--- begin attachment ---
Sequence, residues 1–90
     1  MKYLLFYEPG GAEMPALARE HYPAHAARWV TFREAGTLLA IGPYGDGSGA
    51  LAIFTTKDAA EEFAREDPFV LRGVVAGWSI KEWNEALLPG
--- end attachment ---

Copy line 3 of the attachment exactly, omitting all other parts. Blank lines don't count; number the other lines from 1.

    51  LAIFTTKDAA EEFAREDPFV LRGVVAGWSI KEWNEALLPG